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Penalties for Sexual Assault in Florida

The penalties for sexual battery vary according to the offence. According to Florida Statutes § 775.082 and 775.083, if a person is convicted of a capital felony, he or she can be sentenced to death or life in prison without the possibility of parole.

People who are convicted of a life felony that involves sexual activity, as defined in Florida Statutes § 800.04, can be sentenced to life in prison, or a split sentence that is a minimum of 25 years and a maximum of life in prison, up to a $15,000 fine or both.

For first-degree felony convictions, individuals face up to 30 years in prison, a fine of up to $10,000 or both. People convicted of a second-degree felony can face up to 15 years in prison, up to a $10,000 fine or both.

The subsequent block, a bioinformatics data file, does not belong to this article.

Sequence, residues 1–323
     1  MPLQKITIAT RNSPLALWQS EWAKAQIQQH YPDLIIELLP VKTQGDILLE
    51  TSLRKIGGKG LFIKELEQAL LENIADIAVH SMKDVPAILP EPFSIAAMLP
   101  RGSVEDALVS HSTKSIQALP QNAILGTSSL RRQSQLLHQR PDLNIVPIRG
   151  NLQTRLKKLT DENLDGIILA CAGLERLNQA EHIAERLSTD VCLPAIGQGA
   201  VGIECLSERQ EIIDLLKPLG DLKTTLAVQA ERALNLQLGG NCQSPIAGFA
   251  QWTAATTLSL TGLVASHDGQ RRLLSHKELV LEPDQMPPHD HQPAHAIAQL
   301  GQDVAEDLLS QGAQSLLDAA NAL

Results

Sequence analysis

In addition, these crimes cannot be sealed or expunged from a criminal record. Florida law does not allow the sealing or expunging of some crimes, often those that are violent in nature, such as child abuse, robbery and sexual battery.


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Dangerous Sexual Felony Offender Act in Florida

Florida Statute § 794.0155 provides for certain mandatory punishments for people labeled as dangerous sexual offenders. This includes a person convicted of sexual battery, luring or enticing a child, lewdness, indecent exposure, lewd or lascivious acts and other sexual offenses. To receive the designation of a dangerous sexual felony offender, the offenders must have:

  • Been committed by a person age 18 or older
  • Caused serious injury to the victim as a result of the offense
  • Used or threatened to use a deadly weapon during the offense
  • Victimized more than one person in the course of the criminal episode
  • Committed the felony offense while under the jurisdiction of a court in Florida or another state, or for an offense that would have been a felony if committed in Florida